This is technically a review of the last book in two connected series but it can stand as a review of all ten books in both the The Belgariad and The Malloreon series. Because, let’s face it, they’re all more or less the same book.
Now, unless it is loving satire written by Diana Wynne Jones, I am not typically a huge fan of quest fantasy. I find quest fantasy to be old-fashioned, trope-y, and sexist. And the books of David Eddings hit all of those ticks (the sexism is less egregious than in other books of this type/era but still very much present). But his characters are fun and there’s a lot of humor in the books and sometimes it’s nice to read something utterly predicable so you don’t have to think too much while you read. Because, let’s face it, in quest fantasy you know the good guys are going to win and you don’t have to worry that characters you have grown attached to will die. It’s very relaxing.
One thing I found less relaxing than usual was that this book felt the need to marry everybody off after evil had been defeated, which I didn’t feel was necessary. I mean, if I had been Liselle (the best spy in a nation of spies), I would have told Silk (who, don’t get me wrong, I’m quite fond of but who is also kind of an ass, especially when it comes to women), “No thanks, I’ve proved my point i.e. you are mine for the taking and that’s enough for me” and gone off and been a badass spy all on my own. But that’s just me and my feminist agenda talking.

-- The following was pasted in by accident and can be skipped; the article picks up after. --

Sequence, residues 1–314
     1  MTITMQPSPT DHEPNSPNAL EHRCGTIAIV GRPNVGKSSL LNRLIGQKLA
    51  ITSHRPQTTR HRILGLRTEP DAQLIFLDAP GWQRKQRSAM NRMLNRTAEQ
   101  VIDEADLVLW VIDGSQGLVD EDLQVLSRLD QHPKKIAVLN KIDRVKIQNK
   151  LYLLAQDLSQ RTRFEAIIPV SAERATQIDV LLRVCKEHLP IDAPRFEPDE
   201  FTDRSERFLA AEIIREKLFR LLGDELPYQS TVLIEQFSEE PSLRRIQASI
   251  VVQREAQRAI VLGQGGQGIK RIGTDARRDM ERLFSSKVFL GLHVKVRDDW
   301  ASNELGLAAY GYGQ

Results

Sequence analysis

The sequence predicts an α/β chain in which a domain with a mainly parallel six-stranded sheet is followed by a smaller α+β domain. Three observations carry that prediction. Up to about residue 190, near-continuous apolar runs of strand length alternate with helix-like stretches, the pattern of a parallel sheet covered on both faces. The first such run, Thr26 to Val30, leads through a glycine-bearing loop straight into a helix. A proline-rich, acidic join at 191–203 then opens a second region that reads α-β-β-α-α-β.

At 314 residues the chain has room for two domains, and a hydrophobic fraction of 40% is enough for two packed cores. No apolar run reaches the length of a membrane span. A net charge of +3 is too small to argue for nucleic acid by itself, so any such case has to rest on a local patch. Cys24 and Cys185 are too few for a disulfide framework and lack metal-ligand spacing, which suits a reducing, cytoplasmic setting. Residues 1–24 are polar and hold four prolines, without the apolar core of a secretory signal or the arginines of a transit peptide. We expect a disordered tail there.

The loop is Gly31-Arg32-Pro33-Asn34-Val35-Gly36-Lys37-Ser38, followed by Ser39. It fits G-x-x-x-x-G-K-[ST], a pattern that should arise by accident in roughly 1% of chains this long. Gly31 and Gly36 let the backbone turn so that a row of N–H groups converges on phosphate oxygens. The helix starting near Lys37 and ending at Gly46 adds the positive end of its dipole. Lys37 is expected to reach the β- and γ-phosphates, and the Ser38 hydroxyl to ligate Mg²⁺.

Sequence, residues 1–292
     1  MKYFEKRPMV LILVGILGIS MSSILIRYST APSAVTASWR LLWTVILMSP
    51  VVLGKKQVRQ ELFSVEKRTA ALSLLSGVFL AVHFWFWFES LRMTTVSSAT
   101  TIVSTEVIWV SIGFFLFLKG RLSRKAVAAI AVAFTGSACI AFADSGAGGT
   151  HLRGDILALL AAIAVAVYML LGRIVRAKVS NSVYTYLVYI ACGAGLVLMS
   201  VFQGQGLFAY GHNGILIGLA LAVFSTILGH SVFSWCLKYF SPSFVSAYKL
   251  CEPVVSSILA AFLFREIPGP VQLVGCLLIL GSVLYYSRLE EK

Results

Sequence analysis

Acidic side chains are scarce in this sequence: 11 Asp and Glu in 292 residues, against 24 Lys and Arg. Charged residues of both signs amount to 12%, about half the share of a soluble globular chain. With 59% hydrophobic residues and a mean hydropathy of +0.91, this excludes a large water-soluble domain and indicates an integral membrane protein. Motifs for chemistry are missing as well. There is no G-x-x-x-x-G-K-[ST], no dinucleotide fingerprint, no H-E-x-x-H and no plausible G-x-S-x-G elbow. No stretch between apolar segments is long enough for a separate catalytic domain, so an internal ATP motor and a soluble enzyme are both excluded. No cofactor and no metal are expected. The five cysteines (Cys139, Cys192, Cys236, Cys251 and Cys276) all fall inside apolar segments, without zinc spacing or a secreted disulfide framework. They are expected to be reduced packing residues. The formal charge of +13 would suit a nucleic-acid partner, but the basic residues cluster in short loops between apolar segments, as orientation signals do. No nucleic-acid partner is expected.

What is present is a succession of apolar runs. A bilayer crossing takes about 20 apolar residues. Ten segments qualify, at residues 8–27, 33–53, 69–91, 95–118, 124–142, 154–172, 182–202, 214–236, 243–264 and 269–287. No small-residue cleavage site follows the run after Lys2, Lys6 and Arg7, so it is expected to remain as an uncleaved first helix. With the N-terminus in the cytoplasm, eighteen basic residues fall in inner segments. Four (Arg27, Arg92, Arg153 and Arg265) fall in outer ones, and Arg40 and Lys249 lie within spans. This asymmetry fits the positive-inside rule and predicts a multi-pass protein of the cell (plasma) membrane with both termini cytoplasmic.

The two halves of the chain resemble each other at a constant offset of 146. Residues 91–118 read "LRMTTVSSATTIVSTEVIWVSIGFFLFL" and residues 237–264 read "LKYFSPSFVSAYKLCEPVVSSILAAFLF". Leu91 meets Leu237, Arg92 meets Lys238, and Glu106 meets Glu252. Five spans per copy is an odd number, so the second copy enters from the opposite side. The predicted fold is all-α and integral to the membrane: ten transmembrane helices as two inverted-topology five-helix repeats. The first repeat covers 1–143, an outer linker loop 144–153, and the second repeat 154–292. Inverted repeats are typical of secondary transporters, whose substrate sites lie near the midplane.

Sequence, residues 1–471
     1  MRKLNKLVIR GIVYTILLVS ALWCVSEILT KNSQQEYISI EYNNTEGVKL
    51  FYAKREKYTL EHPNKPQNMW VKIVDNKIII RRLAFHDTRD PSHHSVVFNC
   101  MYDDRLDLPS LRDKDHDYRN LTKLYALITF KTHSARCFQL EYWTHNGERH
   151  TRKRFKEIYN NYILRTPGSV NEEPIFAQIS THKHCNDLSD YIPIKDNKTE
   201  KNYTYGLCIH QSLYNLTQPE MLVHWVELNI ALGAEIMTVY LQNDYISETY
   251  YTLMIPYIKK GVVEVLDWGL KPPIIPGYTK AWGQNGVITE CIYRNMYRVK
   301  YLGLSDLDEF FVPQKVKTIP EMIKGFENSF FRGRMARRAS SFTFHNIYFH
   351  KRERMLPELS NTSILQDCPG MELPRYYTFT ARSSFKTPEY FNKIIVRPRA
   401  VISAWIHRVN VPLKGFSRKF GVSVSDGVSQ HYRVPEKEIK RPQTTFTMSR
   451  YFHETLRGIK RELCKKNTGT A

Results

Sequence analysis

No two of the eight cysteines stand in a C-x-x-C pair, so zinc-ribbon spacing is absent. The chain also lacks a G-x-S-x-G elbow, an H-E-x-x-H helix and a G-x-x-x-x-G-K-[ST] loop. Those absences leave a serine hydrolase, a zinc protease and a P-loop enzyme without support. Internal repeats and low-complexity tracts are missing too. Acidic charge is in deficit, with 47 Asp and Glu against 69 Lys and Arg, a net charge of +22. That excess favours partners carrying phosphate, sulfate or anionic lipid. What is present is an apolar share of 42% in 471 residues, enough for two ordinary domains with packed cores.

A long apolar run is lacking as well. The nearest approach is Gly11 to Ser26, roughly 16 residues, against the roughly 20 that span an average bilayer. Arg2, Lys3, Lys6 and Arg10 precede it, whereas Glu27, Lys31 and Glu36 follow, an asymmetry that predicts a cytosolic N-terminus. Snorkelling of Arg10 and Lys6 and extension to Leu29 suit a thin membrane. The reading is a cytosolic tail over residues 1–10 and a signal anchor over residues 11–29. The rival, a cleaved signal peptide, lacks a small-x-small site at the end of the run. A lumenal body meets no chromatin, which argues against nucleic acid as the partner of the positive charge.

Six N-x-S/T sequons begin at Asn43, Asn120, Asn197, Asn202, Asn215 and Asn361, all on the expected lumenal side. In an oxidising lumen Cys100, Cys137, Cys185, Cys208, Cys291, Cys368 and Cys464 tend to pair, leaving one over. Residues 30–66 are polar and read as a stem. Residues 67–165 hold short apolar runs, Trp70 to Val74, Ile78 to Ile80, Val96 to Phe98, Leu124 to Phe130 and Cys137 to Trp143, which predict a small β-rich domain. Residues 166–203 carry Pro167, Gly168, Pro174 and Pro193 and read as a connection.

All in all, these books are funny, super repetitive (the fact the repetitiveness is a plot point doesn’t actually make it better), and old-fashioned. From the first book, you know exactly how it’s all going to end. But they are also a very un-annoying example of the genre. I’m sure the Eddings are delighted by the high praise.